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Week 2 of the 2nd session of the 105th Legislature consisted of days 4 through 7 of this session.
It is good to be back home in District 16 after a busy week at the State Capitol. I hope all were safe and warm through the blustery winter weather late last week. A special word of thanks for everyone who must work outside regardless of weather conditions. From farmers delivering grain to market, livestock and dairy producers ensuring feed and care for their livestock, to those who work outside to ensure public safety and so many others whose jobs may go unacknowledged, I thank you for your work that keeps “The Good Life” growing.
Monday, January 8th began with a flurry of activity. I introduced a rule change on the floor that would make all votes for committee leadership “viva voce,” or verbal, rather than by secret ballot. This rule change has been proposed each of my 8 years in the Legislature but was not introduced in the Rules Committee hearing by any other senator. Though the rule would provide Nebraskans with the transparency they expect from their elected representatives, it was the subject of much-spirited debate. I eventually withdrew my proposed rule change so as to not delay getting started with the work of the legislature.
The third bill up for debate in 2018 was LB 105, a bill I introduced to update bankruptcy exemptions that had not been increased since 1997. After vigorous debate, the bill passed on General File with 41 senators voting “Aye.” Senators then turned their attention to LB 368, introduced by Senator Lowe of District 37, and the return of helmet law legislation to the floor of the Unicameral. LB 368 failed on a cloture vote receiving 30 of the 33 votes needed to advance.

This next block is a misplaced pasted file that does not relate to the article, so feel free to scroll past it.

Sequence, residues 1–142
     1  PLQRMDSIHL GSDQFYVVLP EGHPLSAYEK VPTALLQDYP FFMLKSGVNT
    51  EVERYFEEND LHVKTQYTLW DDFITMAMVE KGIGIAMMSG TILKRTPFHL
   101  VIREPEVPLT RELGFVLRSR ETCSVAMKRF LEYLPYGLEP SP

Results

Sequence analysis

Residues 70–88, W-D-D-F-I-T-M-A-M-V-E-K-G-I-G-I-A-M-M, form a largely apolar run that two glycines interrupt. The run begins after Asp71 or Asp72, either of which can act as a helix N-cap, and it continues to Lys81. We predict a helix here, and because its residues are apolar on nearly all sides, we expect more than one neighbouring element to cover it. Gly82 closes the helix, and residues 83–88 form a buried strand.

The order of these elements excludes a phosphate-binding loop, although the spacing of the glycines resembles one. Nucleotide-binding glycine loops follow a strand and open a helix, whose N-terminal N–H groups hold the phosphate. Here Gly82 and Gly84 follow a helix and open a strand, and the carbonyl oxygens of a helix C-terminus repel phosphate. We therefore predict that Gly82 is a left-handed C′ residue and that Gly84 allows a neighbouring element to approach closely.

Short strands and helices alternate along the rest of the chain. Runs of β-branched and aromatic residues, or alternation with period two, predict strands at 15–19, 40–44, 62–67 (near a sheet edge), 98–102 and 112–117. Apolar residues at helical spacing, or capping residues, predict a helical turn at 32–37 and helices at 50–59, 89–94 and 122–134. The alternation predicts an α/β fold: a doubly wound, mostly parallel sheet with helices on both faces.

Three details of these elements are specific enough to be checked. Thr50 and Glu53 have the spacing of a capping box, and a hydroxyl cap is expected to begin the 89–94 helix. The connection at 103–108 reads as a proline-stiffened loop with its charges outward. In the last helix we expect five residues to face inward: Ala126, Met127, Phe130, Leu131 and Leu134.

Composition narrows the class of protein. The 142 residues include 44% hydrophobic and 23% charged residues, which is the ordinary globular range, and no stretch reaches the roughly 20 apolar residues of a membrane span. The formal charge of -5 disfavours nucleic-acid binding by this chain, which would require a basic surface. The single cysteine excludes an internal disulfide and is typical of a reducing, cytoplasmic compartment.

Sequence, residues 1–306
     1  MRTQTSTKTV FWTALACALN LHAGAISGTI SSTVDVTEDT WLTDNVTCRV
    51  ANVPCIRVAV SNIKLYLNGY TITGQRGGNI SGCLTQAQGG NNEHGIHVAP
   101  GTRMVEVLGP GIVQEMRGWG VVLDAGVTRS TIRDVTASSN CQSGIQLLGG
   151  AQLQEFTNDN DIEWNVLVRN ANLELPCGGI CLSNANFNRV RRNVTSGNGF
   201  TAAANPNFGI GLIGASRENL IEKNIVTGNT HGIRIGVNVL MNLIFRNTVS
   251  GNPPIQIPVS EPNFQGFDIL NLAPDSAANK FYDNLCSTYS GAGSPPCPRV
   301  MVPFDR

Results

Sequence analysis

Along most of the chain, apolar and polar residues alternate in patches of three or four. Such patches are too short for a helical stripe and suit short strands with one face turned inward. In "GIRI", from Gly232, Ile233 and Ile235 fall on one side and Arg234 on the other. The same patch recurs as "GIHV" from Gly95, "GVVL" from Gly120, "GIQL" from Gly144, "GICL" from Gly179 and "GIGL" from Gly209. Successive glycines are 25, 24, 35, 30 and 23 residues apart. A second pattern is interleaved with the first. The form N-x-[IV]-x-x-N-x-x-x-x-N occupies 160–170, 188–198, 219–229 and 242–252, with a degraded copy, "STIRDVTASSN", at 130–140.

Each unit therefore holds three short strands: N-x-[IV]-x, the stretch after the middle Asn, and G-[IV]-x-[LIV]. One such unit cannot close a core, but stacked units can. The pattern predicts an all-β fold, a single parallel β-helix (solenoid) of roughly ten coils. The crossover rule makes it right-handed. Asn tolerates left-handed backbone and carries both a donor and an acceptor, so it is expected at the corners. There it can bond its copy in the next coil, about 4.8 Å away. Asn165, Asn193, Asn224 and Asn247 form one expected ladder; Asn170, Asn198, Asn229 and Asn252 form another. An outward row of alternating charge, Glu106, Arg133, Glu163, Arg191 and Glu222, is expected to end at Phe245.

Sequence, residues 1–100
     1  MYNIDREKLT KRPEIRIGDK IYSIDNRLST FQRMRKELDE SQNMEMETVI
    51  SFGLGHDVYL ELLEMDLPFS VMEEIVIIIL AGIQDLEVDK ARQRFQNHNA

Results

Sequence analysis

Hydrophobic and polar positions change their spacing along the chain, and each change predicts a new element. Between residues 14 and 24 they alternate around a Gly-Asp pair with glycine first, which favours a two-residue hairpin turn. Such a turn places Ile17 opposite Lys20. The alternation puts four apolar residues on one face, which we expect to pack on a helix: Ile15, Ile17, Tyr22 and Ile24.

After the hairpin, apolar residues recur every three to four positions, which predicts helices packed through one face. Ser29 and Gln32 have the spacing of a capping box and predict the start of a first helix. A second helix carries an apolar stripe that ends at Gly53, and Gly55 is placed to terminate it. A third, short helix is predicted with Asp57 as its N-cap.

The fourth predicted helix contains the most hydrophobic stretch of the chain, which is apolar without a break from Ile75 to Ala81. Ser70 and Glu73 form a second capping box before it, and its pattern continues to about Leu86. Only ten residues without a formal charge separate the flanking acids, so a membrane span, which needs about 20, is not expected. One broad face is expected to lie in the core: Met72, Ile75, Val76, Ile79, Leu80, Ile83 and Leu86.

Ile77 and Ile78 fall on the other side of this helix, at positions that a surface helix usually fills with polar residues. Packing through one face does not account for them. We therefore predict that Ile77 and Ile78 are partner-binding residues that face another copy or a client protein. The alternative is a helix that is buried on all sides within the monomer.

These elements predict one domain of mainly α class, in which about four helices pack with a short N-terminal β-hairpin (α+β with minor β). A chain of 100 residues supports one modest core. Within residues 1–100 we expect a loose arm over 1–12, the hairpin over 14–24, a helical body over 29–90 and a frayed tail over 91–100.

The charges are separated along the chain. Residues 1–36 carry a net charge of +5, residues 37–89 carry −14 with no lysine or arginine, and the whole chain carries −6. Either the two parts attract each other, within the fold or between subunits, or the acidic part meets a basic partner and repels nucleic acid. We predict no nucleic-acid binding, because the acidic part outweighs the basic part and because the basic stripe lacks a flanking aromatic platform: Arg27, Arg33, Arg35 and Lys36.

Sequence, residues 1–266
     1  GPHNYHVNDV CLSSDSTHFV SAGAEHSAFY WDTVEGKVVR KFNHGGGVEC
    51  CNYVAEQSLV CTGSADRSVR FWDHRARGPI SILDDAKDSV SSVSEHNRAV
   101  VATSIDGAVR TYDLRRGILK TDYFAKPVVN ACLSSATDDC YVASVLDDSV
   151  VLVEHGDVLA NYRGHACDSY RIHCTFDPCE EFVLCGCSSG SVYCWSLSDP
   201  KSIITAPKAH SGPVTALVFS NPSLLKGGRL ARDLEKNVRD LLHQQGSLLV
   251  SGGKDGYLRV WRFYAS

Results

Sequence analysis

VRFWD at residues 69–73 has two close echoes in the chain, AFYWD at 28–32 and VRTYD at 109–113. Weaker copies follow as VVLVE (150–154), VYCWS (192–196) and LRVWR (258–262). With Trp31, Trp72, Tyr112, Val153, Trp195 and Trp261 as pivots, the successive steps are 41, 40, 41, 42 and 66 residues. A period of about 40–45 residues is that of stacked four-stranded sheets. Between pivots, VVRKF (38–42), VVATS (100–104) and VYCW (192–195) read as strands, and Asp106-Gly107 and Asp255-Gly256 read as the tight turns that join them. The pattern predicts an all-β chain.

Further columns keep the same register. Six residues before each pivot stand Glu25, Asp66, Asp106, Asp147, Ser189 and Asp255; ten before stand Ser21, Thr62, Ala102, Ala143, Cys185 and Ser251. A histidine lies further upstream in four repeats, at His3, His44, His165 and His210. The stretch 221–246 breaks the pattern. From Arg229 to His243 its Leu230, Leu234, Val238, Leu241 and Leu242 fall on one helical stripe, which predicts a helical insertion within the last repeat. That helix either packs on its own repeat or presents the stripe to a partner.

LB 81, a bill that would increase fees charged for handgun certificates from $5 to $25 was the focus of debate on Tuesday, January 9th. A lengthy debate resulted in the bill being indefinitely postponed by a vote of 27-17.
Governor Ricketts delivered his State of the State speech on Wednesday, January 10th, laying out priorities for 2018. Taxes were the main focus as he announced his proposal to deliver over $4 billion in property tax relief over 10 years. This would be accomplished by refundable tax credits equal to 10% of property taxes paid, ensuring that tax relief is targeted only for in-state landowners. Under current tax law, non-Nebraskans receive 14% of property tax credits. Additionally, this credit would increase as state revenues hit certain benchmarks, providing additional relief as the state prospers, and would include provisions for residential homeowners.
The plan also calls for corporate and individual income tax relief, lowering the top individual tax rate from 6.84% to 6.69% and the top business tax rate from 7.81% to 6.69%. The cuts are intended to make the state tax climate more attractive while recruiting talented individuals and businesses to grow and diversify Nebraska’s economy.
The Governor’s budget proposal included reducing state spending growth through 2% across-the-board cuts to agency appropriations for the current fiscal year, and 4% for next year. These cuts would be accomplished without reducing state aid to schools or aid to disabled individuals.
Public hearings on new bills resume on January 16th and Thursday, January 18th is the last day to introduce new bills. You are welcome to attend hearings in-person to testify or may send testimony on any bill via email or regular mail. You can also watch testimony live at http://netnebraska.org/basic-page/television/live-demand-state-government
Please contact me; my Administrative Aide, Courtney McClellen; my Legislative Aide, Jacob Campbell; or the Agriculture Committee Research Analyst, Rick Leonard, with questions or concerns at (402) 471-2728, or by email at email@example.com. You may also visit my office, Room 1022, in the Capitol.